With no academic enrichment plan in place during the summer months, the number of instructional hours students receive each week decreases dramatically. This situation causes “summer learning loss,” a term used to describe a student’s educational deterioration during the summer months. Summer gives new significance to the phrase, “Use it or lose it.” As with most societal issues, low-income students suffer the most, losing more than two months of reading achievement over the course of a summer. 

To combat this occurrence, use the steps below to create an academic plan that may increase or at least sustain your child’s current academic skills.


Pinpoint areas of improvement

Gather information from your child’s 2014-2015 school year to assess his or her learning challenges. Did they score lower than the state or national average in a particular subject area on a standardized test? In which subjects did they receive lower than a C grade? 

Which problems did they get wrong on graded work? Start with those. Identify the subject areas, skills, and concepts in which your child could improve. If he or she did well across the board this past year, look to the reading and math skills they will be learning this upcoming school year. Free guides show parent-friendly learning standards for grade school students. Popular guides include the Core Knowledge Sequence: “Content and Skill Guidelines for Kindergarten-Grade 8” and “Grade-by-Grade Learning Guide” by PBS parents. 

High school knowledge and skill sets can be found by reviewing your child’s upcoming fall semester class schedule and identifying knowledge and skills within the course content. If you cannot find it online, contact your child’s high school for such information.


Helpful academic resources

Once you know what academic skills to focus on, gather grade-specific resources for those academic skills. For example, multiplication looks different from third grade to fifth. So when you are searching for math materials, make sure the resource includes not only multiplication problems but problems tailored for your child’s grade level. Free grade-level resources, both interactive and print, may be found online at Kids.gov: “EDSITEment!” “Khan Academy,” “KidZone Educational Worksheets,” and many others. 

Academic resources are also available to you at your local library. With just a library card, you may check out learning tools for your little ones or feel free to print education resources that you can’t check out. Librarians are available to help you identify books and resources that are appropriate for the grade-level skills you want your child to learn.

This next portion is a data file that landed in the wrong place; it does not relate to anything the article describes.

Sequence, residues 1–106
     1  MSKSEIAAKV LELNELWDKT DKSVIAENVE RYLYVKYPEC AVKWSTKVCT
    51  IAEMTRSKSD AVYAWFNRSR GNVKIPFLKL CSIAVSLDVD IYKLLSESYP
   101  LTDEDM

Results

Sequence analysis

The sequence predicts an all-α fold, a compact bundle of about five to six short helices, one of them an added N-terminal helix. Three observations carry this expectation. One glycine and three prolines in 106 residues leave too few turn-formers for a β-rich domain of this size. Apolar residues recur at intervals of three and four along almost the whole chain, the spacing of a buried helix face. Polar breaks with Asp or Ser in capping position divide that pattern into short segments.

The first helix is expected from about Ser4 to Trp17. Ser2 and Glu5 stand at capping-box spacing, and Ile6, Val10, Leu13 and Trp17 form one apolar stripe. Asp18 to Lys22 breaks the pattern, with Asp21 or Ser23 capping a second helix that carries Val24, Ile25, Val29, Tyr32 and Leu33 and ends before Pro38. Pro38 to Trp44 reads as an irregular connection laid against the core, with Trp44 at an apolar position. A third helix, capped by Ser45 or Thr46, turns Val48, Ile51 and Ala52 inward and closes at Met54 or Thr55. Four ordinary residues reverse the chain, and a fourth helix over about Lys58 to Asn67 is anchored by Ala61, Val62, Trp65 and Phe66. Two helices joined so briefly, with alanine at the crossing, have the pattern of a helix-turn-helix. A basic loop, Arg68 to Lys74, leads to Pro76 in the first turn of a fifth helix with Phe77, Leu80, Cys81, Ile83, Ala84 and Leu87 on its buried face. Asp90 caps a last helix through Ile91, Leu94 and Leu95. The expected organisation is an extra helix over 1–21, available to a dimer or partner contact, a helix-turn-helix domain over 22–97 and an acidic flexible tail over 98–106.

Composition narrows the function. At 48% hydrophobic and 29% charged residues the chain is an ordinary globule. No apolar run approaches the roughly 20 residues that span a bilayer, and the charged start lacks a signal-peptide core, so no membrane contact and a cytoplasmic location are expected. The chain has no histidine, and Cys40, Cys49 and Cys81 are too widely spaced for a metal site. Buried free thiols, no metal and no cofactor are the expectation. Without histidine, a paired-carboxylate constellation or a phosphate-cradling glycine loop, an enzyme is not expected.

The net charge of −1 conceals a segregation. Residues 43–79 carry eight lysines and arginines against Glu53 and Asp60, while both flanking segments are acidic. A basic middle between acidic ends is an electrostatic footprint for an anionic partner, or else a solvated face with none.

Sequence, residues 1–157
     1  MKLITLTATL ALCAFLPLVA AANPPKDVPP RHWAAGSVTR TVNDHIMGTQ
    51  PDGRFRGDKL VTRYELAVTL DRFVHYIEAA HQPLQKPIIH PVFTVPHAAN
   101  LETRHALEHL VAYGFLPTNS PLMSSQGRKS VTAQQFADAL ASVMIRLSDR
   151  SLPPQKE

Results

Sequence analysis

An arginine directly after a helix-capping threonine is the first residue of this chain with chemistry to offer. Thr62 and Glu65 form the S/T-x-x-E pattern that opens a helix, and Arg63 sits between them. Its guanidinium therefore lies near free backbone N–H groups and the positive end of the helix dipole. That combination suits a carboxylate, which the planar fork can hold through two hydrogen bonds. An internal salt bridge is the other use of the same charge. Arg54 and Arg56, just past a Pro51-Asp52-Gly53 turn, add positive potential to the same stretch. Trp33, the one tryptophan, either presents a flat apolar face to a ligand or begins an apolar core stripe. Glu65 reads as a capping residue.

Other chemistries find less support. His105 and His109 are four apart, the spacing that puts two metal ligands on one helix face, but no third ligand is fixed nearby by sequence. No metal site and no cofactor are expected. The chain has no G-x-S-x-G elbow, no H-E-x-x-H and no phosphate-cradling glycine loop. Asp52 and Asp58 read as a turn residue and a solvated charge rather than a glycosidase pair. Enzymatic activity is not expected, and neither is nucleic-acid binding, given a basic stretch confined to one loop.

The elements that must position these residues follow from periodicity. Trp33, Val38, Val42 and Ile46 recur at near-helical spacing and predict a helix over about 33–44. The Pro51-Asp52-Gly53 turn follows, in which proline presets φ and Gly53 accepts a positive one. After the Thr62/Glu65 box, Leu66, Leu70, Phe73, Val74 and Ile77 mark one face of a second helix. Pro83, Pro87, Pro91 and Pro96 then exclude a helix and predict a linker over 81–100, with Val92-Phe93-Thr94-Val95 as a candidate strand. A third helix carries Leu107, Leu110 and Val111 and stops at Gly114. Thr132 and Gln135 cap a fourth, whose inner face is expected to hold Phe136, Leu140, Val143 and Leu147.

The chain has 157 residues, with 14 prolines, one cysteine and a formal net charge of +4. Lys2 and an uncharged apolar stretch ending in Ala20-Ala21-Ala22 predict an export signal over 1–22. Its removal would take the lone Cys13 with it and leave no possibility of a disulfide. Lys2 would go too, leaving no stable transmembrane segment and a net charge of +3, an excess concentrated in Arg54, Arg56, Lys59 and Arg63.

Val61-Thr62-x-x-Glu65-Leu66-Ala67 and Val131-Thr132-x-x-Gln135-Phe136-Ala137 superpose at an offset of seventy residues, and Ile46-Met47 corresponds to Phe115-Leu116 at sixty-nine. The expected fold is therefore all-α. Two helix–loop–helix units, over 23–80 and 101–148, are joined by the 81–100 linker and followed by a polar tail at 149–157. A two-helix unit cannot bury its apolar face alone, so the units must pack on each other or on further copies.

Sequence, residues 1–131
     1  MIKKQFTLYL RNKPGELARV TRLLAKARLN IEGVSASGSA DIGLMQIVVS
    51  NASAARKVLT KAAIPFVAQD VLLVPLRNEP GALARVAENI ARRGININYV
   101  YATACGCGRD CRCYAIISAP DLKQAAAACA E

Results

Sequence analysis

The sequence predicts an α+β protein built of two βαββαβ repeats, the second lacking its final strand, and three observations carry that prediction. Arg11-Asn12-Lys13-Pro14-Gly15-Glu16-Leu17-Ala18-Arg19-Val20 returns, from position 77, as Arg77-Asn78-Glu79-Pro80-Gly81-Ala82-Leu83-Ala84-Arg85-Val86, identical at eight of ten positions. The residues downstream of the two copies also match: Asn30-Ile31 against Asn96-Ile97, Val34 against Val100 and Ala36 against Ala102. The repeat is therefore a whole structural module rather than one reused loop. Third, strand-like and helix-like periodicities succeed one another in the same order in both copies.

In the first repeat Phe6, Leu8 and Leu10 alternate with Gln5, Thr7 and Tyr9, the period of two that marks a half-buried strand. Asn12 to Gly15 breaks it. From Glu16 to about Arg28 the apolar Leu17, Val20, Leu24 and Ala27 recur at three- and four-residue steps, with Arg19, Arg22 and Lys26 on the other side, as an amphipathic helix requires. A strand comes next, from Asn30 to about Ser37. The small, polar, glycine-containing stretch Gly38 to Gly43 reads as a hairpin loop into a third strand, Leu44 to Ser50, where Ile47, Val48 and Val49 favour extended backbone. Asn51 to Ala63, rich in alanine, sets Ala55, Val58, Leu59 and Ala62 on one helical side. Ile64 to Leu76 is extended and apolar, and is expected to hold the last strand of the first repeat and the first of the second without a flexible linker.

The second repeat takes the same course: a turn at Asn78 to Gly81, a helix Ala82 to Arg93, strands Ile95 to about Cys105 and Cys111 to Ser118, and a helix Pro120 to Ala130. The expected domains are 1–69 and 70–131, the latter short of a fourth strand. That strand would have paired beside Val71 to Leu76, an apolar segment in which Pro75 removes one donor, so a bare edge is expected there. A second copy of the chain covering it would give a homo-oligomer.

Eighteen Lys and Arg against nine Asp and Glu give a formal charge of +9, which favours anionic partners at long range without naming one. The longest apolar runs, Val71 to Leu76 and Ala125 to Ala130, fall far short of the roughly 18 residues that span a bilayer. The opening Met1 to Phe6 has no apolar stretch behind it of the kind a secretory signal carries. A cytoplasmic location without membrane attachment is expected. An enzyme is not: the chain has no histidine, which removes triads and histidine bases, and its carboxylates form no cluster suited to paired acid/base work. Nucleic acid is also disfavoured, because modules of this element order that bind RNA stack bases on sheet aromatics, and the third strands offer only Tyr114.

Create an academic calendar

Once you have your designated skills and resources, create a realistic schedule that your child can follow to work on various academic activities. To do this, bookmark activities and websites you would like your child to use. Then take a large-print calendar and write in the days and times you want your child to complete each activity. For example, on July 27, you might have your struggling third-grader read and write a book report for When Marian Sang: The True Recital of Marian Anderson. On July 28, have him write an alternate ending to the story. On July 29, have your child get his alternate ending revised and edited by an older relative. On July 30, have him rewrite the ending based on the older relative’s comments. And on July 31, have him read the story and alternate ending aloud to you.  No matter what the activities, make sure the calendar is consistent with learning activities that match the skills you want your child to improve or master.


Monitor academic growth 

Remember, your child’s learning plan should include you. Just like a teacher continually monitors students’ academics during the school year, you will be responsible for assessing your child’s work during the summer. With that in mind, identify days on the calendar when you plan to check the activities you give your child to complete. Try to check in with your child about every five days. Review worksheets, writings, and other activities for accuracy. 

Also designate a person your child can contact for help in between check-in sessions. If you won’t be available during the times your child is working, have him solicit his older sibling or a grandparent for help. These check-ins will motivate your child to complete the work and to get to know your child personally. 

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